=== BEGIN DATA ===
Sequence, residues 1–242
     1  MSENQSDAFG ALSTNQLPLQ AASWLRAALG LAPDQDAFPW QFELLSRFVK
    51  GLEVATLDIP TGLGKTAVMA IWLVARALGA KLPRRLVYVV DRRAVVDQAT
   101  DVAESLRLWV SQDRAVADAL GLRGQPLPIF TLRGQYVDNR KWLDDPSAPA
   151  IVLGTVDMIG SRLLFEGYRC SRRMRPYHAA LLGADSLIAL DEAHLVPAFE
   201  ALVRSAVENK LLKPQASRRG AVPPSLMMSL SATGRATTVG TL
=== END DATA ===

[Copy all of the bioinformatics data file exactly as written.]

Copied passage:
Sequence, residues 1–242
     1  MSENQSDAFG ALSTNQLPLQ AASWLRAALG LAPDQDAFPW QFELLSRFVK
    51  GLEVATLDIP TGLGKTAVMA IWLVARALGA KLPRRLVYVV DRRAVVDQAT
   101  DVAESLRLWV SQDRAVADAL GLRGQPLPIF TLRGQYVDNR KWLDDPSAPA
   151  IVLGTVDMIG SRLLFEGYRC SRRMRPYHAA LLGADSLIAL DEAHLVPAFE
   201  ALVRSAVENK LLKPQASRRG AVPPSLMMSL SATGRATTVG TL